The basis of non-parametric tests

The Basis of Non-parametric Tests

Conceptual Understanding

  • These tests are also known as distribution-free tests as they do not rely on certain distributional assumptions.
  • They make minimal assumptions about the nature or parameters of the population distribution such as its mean or standard deviation.
  • Their aim is to test hypotheses which are not about specific parameters (i.e., non-parametric).

Types of Data

  • Non-parametric tests are applicable to ordinal, nominal, and ranked data.
  • They are not restricted to numeric data, and can also be used with categorical data.
  • However, they require that the data is measurable.

Conditions to Use Non-parametric Tests

  • They are especially useful when the assumptions of parametric counterparts, like t-tests or ANOVA, are violated.
  • It’s suitable if the data isn’t normally distributed or if there’s non-constant variability.
  • They’re a good fit if there are outliers present in the data, as they’re less sensitive to them.
  • They also provide an avenue when the data is on a rank, score, or ordinal scale.

Working Principle

  • Non-parametric tests generally function by ranking the data from smallest to largest and evaluating the ranks.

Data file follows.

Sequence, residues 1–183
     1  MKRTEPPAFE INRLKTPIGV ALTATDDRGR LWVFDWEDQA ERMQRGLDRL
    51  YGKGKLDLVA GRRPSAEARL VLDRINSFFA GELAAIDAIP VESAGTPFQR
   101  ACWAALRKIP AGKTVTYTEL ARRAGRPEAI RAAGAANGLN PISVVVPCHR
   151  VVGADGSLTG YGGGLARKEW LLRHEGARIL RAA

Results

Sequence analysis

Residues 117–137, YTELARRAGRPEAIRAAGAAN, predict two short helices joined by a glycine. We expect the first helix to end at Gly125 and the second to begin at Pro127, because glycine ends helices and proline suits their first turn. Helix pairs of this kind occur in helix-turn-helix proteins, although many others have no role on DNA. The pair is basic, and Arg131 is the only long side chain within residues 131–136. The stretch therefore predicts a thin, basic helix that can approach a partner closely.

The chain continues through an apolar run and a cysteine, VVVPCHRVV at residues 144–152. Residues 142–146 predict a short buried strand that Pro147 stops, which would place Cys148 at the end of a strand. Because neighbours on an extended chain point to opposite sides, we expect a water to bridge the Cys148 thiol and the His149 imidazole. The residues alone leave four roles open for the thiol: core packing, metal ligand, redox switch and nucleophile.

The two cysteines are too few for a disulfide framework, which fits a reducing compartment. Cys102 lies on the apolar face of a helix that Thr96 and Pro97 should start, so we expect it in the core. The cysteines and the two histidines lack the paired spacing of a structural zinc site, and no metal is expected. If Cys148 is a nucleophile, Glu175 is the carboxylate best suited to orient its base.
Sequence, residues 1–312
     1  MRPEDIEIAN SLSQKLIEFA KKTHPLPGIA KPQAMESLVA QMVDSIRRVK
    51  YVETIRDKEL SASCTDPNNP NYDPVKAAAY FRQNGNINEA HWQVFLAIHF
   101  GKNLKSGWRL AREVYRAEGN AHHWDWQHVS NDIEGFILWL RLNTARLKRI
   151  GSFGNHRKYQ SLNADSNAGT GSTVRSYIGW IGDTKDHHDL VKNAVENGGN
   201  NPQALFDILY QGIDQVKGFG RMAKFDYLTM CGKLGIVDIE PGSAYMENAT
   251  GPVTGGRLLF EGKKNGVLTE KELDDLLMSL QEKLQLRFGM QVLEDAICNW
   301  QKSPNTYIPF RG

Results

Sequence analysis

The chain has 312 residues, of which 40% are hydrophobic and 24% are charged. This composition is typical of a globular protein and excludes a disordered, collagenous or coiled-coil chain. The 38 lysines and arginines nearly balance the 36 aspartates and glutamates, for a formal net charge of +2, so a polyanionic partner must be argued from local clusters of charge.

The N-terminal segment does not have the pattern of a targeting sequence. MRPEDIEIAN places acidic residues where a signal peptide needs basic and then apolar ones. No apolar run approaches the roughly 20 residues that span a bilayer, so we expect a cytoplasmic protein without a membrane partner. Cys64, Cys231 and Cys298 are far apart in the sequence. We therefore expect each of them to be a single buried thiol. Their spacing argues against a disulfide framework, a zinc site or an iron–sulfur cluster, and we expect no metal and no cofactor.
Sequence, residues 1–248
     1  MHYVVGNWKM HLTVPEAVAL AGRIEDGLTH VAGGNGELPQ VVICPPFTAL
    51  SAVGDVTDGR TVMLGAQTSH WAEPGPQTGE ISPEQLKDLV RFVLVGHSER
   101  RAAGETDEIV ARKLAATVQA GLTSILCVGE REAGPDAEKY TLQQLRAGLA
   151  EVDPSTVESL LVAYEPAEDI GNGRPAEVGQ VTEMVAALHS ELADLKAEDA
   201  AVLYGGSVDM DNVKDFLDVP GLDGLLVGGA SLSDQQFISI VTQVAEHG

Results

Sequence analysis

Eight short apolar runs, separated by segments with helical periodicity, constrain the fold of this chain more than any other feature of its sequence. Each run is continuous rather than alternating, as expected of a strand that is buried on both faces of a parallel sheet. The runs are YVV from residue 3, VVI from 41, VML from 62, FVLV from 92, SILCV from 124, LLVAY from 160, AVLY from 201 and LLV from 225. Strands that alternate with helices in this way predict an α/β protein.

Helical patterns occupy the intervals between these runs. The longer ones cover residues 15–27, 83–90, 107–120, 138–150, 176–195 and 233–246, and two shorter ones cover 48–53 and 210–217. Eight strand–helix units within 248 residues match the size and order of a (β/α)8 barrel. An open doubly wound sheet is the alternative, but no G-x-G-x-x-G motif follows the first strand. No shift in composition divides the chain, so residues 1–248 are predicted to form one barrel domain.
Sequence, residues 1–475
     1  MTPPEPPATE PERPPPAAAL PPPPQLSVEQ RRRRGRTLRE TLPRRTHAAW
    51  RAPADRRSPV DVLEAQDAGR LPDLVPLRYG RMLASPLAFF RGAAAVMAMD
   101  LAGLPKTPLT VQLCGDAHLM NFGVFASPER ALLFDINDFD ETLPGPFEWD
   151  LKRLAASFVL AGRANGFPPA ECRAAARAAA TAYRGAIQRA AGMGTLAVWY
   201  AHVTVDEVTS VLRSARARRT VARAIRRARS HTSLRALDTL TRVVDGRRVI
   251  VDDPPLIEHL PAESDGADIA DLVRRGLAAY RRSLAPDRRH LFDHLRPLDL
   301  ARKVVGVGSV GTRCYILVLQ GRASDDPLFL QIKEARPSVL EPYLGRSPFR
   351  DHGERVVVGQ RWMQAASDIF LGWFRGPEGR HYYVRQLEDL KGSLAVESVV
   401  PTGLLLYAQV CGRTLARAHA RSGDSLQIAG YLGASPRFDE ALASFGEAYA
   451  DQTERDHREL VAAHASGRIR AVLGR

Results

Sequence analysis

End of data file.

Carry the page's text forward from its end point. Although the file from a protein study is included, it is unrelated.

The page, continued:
• These tests focus more on the order or ranking of data rather than the specific data values themselves.
  • They’re essentially comparing the median rather than the mean values, making them resistant to outliers.


  • A drawback is that non-parametric tests can be less powerful than their parametric counterparts. This means they are sometimes unable to detect a significant effect even if it truly exists.
  • Another limitation is that they cannot provide detailed insight into the differences between groups compared to parametric tests.
  • Lastly, while they avoid a few assumptions, they still require certain assumptions to be met (like homogeneous variance or independent observations), hence are not completely assumption-free.